Europe

Iraqi detained in German soccer team bus blasts suspected ISIS member

Islamic extremism motive investigated as one person detained

 

German prosecutors said Thursday that a 26-year-old Iraqi detained following an attack on a top soccer club is suspected of membership in the Islamic State group, but so far there is no evidence he was involved in the explosions that injured a Borussia Dortmund player and a police officer.

The hunt for the bomber was continuing.

Federal prosecutors said the Iraqi — identified only as Abdul Beset A. in line with German privacy laws — allegedly joined IS in Iraq by late 2014 and led a unit of about 10 fighters involved in preparing kidnappings, extortions and killings.

He traveled to Turkey in March 2015 and remained in contact with members of IS after arriving in Germany in early 2016, prosecutors said.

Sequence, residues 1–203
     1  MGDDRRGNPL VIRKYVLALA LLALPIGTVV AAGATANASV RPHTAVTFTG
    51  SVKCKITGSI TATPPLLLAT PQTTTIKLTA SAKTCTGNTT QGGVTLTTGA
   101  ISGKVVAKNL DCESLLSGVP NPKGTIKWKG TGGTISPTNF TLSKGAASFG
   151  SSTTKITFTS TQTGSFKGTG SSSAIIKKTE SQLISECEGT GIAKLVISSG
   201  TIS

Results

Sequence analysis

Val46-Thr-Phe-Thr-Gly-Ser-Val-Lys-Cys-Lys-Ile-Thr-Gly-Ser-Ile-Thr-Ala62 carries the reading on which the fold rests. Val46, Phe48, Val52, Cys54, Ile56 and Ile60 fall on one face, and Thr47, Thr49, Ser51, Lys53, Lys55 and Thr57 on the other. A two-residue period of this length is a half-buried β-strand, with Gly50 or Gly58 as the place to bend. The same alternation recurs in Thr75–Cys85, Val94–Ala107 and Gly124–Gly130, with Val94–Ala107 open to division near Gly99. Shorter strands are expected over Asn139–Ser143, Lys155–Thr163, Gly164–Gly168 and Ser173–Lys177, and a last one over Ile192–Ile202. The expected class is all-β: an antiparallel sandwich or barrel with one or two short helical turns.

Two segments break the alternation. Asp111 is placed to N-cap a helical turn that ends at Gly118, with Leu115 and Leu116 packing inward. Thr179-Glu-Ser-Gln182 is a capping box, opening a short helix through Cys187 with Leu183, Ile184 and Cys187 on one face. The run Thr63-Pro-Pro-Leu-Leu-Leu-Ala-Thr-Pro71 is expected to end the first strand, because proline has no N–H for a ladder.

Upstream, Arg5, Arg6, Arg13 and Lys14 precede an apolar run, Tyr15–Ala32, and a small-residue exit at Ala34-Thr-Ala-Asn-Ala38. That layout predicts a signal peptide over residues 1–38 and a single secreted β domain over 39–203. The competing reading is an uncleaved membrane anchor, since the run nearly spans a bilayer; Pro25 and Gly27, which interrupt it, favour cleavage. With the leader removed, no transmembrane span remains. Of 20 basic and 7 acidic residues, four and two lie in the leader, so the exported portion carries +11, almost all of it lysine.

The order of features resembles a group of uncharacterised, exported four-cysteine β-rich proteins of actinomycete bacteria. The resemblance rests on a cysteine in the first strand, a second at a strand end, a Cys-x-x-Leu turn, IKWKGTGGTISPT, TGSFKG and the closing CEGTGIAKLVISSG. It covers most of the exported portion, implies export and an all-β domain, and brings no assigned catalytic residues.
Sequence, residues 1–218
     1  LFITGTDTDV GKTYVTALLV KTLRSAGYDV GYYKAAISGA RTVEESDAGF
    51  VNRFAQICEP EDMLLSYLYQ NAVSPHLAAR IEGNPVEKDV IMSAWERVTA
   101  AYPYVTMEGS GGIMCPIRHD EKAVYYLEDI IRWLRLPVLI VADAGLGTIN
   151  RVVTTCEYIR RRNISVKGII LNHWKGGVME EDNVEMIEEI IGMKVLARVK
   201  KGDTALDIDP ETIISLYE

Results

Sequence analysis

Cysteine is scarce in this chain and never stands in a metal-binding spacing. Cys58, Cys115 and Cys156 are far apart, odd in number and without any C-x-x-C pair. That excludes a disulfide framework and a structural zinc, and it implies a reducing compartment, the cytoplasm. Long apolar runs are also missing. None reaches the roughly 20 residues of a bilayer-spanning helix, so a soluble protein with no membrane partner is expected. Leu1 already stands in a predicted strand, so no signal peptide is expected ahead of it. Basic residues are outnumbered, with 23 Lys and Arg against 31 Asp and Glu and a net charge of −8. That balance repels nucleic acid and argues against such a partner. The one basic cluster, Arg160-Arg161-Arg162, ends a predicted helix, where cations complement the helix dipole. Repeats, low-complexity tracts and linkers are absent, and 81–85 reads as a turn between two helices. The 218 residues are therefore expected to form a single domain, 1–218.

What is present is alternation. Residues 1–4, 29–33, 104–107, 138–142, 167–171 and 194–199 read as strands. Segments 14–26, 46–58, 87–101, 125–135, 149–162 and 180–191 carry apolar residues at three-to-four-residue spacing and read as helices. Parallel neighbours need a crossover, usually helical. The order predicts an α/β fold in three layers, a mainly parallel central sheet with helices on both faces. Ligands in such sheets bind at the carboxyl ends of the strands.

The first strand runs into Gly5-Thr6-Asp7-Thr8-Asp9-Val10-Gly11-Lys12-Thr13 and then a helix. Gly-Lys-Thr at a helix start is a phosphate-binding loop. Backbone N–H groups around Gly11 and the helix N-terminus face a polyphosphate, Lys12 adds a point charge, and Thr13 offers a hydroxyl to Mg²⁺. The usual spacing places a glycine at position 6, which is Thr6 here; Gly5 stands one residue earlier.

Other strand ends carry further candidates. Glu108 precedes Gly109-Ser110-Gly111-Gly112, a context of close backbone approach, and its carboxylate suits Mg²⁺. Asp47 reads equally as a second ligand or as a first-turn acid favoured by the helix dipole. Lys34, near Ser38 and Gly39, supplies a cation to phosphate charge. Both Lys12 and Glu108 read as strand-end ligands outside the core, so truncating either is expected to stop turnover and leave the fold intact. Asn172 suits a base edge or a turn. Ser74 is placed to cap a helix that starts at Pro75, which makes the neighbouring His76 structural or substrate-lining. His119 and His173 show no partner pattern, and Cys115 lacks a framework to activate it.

However, "so far the investigation has turned up no evidence that the suspect participated in the attack," they said in a statement.

A judge will decide Thursday on whether to keep A. in investigative detention, as requested by prosecutors.

The man was arrested Wednesday, a day after three explosions shattered a window of the Borussia Dortmund bus as it was heading from the team's hotel to the stadium for a Champions League match against AS Monaco.

Investigators said three copies of a note claiming responsibility for the attack were found at the scene, but are puzzling over the style and contents of the letter.

The note contains phrases suggesting an Islamist motive, with calls for Germany to withdraw reconnaissance jets that are assisting the fight against the Islamic State group, and for the closure of the U.S. Ramstein Air Base in Germany.

Experts say the letter's mix of correct, complicated German and obvious mistakes raises the possibility that it is a red herring intended to place blame on Islamic extremists.

Police say the metal-packed devices used in the attack were sophisticated and would have required detailed knowledge of explosives and detonators, suggesting possible military training.